Seventy-eighth Session,
63rd Meeting (AM)

General Assembly Adopts Landmark Resolution on Steering Artificial Intelligence towards Global Good, Faster Realization of Sustainable Development

Delegates Also Observe International Day for Eliminating Racial Discrimination Worldwide, Stressing Importance of Reparations

Adopting a landmark resolution on steering the use of artificial intelligence towards global good, the General Assembly today also stressed the importance of addressing racial discrimination around the world, including through reparations. 

By the terms of the resolution titled “Seizing the opportunities of safe, secure, and trustworthy artificial intelligence systems for sustainable development” (document A/78/L.49), which it adopted without a vote, the Assembly resolved to bridge the artificial intelligence (AI) and other digital divides between and within countries and promote safe, secure and trustworthy AI systems to accelerate progress towards the full realization of the 2030 Agenda for Sustainable Development.

Introducing that text, the representative of the United States noted the many existential challenges posed by artificial intelligence.  The international community must “govern this technology rather than have it govern us”, she said.  In a year when more than half of the world’s population will elect their leaders, AI-generated content holds the potential to undercut the integrity of political debates.  However, it also holds profound opportunities to accelerate work, end poverty, save lives, protect the planet and create a more equitable world. 

The technology is already being used, she added, to detect and diagnose disease earlier and more accurately; it is helping scientists better predict earthquakes, floods and hurricanes; and it is allowing vulnerable communities to prepare for and respond to natural disasters. “Simply put, AI is proving to be an engine for us all to make up lost ground and even meet the Sustainable Development Goals,” she said.  Her country engaged with over 120 countries to craft a text that cements a global consensus, she said, adding that it is crucial to ensure that no Government or other actors can use AI to undermine peace and human rights.

The Assembly also observed the International Day for the Elimination of Racial Discrimination, which falls on 21 March every year.  Assembly President Dennis Francis (Trinidad and Tobago) said that this annual commemoration is an opportunity to stand up alongside those who continue to fight racism and racial discrimination around the world.  Millions worldwide still endure various forms of racism, racial discrimination, xenophobia, and related intolerance.  Noting this year’s theme — A Decade of Recognition, Justice, and Development: Implementation of the International Decade for People of African Descent — he praised the adoption of national action plans against racism and recognition of the rights of people of African descent in national constitutions.  Looking forward to next week’s observance of the International Day of Remembrance of the Victims of Slavery and the Transatlantic Slave Trade, he stressed the importance of reparatory justice.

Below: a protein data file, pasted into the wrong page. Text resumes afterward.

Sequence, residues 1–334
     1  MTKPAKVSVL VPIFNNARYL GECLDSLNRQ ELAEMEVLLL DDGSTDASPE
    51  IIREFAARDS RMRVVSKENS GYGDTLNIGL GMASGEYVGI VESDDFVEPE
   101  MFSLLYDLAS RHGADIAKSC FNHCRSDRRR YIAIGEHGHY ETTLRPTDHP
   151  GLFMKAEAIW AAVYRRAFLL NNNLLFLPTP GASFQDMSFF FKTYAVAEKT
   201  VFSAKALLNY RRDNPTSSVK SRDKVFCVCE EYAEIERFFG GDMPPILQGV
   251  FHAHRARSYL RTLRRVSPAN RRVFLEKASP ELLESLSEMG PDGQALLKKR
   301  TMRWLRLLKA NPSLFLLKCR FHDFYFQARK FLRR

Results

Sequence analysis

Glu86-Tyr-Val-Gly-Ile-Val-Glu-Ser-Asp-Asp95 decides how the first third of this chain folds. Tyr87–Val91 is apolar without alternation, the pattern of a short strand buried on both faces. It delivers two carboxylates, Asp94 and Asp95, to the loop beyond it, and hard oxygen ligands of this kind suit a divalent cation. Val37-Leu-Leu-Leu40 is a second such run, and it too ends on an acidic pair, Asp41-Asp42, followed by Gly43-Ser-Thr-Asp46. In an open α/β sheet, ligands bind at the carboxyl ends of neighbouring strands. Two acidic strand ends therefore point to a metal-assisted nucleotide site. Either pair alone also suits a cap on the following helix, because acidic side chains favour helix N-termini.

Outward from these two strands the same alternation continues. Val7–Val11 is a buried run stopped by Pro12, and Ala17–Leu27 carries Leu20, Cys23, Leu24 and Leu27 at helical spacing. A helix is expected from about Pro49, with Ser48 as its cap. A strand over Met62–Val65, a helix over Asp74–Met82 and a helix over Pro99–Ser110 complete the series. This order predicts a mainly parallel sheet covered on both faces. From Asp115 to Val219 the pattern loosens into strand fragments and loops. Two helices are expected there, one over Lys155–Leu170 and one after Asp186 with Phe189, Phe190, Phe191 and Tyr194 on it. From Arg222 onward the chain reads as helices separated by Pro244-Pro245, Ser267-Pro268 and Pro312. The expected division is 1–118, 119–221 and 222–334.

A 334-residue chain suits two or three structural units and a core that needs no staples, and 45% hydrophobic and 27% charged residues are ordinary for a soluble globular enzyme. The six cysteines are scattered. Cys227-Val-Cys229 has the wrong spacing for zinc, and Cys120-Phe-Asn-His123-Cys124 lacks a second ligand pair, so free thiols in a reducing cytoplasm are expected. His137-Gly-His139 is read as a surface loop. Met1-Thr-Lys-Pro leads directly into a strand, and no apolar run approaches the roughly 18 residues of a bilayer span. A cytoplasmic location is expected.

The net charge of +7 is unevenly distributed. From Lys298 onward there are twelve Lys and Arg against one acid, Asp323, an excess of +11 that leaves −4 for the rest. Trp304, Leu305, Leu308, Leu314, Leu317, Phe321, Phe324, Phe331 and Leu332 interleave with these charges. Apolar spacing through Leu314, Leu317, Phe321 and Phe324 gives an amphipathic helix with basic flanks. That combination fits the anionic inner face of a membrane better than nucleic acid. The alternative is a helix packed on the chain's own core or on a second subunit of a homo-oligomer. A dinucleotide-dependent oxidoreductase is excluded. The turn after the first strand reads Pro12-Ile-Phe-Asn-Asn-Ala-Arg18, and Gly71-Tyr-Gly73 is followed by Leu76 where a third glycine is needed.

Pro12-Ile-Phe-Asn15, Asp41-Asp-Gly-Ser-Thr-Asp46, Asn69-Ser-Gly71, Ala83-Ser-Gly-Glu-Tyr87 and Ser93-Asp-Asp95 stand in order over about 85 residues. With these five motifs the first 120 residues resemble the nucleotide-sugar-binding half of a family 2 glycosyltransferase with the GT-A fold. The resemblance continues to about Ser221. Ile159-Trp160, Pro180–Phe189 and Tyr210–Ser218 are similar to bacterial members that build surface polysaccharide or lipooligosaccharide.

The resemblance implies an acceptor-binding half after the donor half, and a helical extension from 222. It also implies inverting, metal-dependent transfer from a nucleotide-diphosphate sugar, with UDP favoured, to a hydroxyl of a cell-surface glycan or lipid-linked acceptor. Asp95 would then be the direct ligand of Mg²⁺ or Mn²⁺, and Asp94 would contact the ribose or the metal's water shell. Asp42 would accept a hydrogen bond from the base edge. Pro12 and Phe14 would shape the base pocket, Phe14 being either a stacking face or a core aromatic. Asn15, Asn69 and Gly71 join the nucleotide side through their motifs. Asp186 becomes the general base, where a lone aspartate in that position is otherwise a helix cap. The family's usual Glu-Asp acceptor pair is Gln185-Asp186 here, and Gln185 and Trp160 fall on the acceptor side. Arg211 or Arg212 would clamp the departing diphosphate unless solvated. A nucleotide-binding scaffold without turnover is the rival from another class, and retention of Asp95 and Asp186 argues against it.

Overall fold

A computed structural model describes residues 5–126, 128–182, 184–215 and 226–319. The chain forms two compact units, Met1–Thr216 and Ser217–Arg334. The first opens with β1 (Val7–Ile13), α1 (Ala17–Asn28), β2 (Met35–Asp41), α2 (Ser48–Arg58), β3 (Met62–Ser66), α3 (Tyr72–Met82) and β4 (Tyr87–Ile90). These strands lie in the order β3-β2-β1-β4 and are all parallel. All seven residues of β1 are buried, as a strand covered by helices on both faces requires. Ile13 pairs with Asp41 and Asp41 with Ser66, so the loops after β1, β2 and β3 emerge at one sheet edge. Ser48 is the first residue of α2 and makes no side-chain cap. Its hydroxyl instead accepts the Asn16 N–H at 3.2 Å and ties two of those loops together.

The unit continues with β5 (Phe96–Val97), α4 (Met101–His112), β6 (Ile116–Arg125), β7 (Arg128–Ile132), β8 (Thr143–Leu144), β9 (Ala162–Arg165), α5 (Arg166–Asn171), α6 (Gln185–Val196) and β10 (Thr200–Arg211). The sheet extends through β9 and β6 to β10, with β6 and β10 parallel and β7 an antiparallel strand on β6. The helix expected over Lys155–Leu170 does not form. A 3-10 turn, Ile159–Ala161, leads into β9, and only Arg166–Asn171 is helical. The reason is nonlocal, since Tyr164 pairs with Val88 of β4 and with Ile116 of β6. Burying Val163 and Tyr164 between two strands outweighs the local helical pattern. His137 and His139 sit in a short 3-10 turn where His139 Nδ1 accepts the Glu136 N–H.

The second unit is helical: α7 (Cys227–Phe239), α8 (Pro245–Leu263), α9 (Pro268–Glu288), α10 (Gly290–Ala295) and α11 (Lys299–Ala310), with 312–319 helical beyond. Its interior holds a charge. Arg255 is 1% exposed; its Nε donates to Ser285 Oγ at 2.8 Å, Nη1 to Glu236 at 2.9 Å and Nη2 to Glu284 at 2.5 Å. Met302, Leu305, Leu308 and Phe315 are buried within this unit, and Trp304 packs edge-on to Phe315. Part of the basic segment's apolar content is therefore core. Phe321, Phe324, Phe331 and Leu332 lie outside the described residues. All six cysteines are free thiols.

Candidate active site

Courtenay Rattray, Chef de Cabinet of the Executive Office of the Secretary-General, speaking on behalf of UN Secretary-General António Guterres, reflected that racism impacts communities differently.  This year’s theme recognizes that people of African descent face a unique history of systemic and institutionalized racism and profound challenges.  Member States must build on the tireless advocacy of people of African descent — from Governments advancing policies to eliminate racism to technology firms urgently addressing racial bias in artificial intelligence.  “Let’s commit to work together to build a world of dignity, justice and equal opportunity for every community everywhere,” he stressed.

Speaking on his own behalf, he recalled that 60 years ago today, 69 people were killed and many injured when South African police opened fire on peaceful protesters in Sharpeville — courageous individuals demonstrating against the laws “which stood at the rotten heart of the Apartheid system.”  He called on States to ratify the International Convention on the Elimination of All Forms of Racial Discrimination and implement the Durban Declaration and Programme of Action.  Countries responsible for the transatlantic slave trade must have the moral courage to deliver reparatory justice, including restitution where appropriate, and businesses that profited from the trade in human souls should also consider the case for reparations, he said.

Uganda’s representative, speaking for the African Group, expressed regret that there have been no comprehensive reparations to date for all the harm suffered by people of African descent.  In December 2022, she said, the African Commission on Human and Peoples’ Rights adopted its first resolution on Africa’s reparations agenda and the human rights of Africans in the diaspora and people of African descent worldwide.  The Commission called on States to create a committee to conceptualize reparations from Africa’s perspective, describe the harm occasioned by the tragedies of the past and establish a case for reparations for Africa’s claim.